How do you arrange funding especially since all the content you produce is free of cost?

Nearly all the work is being done by volunteers absolutely free of cost. I myself have not taken nor will ever take a penny for my personal needs. We do have one project that needs funding. We are proud to say we have developed the most advanced state-of-the-art Dawah studio for graphic designing. Every video is reaching millions of people, and the feedback has been so astonishing that it encourages us to believe in the amazing potential of this work.

Work on illustrations is being formally done by professional illustrators, who have taken great risks in their careers by devoting themselves full-time to making free state-of-the-art videos for the Ummah to benefit from. Unlike other volunteers, they are doing this as a full-time job. For example, I can attend to my job as a medical doctor and simultaneously do the work for NAK Collection in my spare time, but the development of illustration videos requires full-time commitment from illustrators. For this reason, we had two options. We could have used paid subscription option or utilized advertisements which we found too distracting and often portraying un-Islamic values.

Our last resort was to use funding. A considerable amount of funding is contributed by us from whatever we can afford to give at the moment. However, the majority of funding comes from the community which benefits from the videos. Each video reaches millions, so a few hundred viewers have decided to help fund this work, which enables us to produce more content and reach even more viewers. A spreadsheet containing all our expenses and funding contributed towards Darul Arqam Studios is publicly released on our website to ensure complete transparency.

If you are in Pakistan and would like to donate, you can just send us an email at nakcollection@gmail.com

Who authenticates the transcripts of Br. Nouman’s lectures?

Sr. Haleemah Zia, head of transcripts section, does this. They are word-to-word transcripts of entire lectures so not much authentication is needed other than double-checking them for grammatical errors.

What are your plans for the future?

Our plans for the future are very ambitious. If we can create state-of-the-art Quranic education, which is available on the internet absolutely free of charge, the potential is there for the entire world to transform. We are envisioning a world in which everybody understands the Quran directly, is fully aware of the Quran as the Word of God with all the miracles it contains, and is able to apply the teachings of the Quran to their daily lives.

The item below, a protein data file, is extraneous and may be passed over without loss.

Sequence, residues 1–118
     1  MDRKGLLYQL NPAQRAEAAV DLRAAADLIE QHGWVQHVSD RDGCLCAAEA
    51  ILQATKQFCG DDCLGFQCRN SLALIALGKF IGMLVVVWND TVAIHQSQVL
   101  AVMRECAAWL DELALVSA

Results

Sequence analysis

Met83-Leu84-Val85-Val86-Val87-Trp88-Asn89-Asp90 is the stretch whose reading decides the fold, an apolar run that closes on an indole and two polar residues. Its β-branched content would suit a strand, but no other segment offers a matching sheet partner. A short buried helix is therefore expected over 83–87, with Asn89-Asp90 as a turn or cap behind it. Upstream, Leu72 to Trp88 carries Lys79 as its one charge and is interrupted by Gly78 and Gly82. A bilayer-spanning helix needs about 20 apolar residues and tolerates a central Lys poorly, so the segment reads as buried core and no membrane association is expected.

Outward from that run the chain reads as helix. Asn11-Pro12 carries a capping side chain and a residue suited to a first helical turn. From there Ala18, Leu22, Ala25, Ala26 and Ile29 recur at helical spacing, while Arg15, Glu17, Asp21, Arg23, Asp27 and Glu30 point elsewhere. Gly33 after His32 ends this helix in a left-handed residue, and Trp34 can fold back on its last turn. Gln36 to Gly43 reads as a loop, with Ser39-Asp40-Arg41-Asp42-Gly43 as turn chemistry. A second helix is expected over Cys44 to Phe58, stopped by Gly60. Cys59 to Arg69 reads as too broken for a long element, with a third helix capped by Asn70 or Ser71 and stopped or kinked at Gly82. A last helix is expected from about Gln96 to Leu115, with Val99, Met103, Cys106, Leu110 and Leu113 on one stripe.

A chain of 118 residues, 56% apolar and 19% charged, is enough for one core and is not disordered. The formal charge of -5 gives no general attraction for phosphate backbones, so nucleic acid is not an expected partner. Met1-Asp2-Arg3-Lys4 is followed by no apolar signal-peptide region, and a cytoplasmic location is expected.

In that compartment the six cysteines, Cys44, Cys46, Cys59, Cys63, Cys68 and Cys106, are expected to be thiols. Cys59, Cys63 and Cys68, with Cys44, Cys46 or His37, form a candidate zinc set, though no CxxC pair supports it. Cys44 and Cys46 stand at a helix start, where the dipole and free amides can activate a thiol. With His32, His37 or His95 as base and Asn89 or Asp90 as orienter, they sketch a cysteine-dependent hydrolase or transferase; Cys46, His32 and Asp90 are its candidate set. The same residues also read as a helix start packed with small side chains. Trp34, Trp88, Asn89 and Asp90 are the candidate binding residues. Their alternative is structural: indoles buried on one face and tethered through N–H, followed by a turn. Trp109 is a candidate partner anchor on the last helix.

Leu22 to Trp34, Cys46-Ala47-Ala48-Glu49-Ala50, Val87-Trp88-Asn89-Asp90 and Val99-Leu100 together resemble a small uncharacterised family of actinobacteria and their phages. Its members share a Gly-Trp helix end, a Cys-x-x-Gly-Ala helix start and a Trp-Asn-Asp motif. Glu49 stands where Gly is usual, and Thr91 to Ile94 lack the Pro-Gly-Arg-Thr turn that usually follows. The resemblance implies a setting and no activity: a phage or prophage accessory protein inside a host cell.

How can other brothers and sisters help you in your work?

From time to time, we keep requesting for different specialties on our Facebook pages. If you think you have a talent that can prove valuable to us in helping spread the Word of God to the entire humanity, just send us an email at nakcollection@gmail.com along with the description of your talent.

Any message for the Ummah?

Our message for Ummah is simple. Allah (swt) has given us the ultimate miracle of the Quran, and has raised us in an age where just a little effort and dedication can allow us to reach out to the entire world with a few clicks. Each of us has a part to play. Creating digital content that can reach millions was the first part, Alhumdullilah. We are succeeding at it, but the next step is to deliver it further. We need huge dedication from every Muslim to learn the available knowledge and then deliver it to others.

The Internet has now opened a priceless opportunity for us to connect every human being to a lifelong process of learning and benefitting from the divine wisdom of the Quran. Regardless of who they are and where they are, it can all be available now soon with a few clicks and absolutely free of charge.

Anything else you would like to share with Hiba’s readers?

Keep your intentions pure (always have noble intentions for what you are trying to do with your life), believe in your finest dreams, be creative, be persistent, think positive, think big, and ask Allah (swt) in your Duas to show you a path and put Barakah in your endeavours. If Allah (swt) decides to put Barakah in your work, then there is no limit to what you can achieve. If properly trained and harnessed, each human being is capable of achieving astonishing results in any field that they dedicate themselves to.

In Spotlight: Fiqh of Social Media


In this exclusive interview with Hiba Magazine, Br Omar Usman, founding member of MuslimMattersQalam InstituteMuslim Strategic Initiative, and Debt Free Muslims, talks about his project, Fiqh of Social Media (http://fiqhofsocial.media/). Brother Omar is a regular khateeb and has also served in different administrative capacities in various national and local Islamic organizations.

1. For people who haven’t yet heard of it, what exactly is Fiqh of Social Media? It’s a blog, it’s an e-book, it’s definitely a fantastic idea to address pressing issues related to social media… but how would you define it?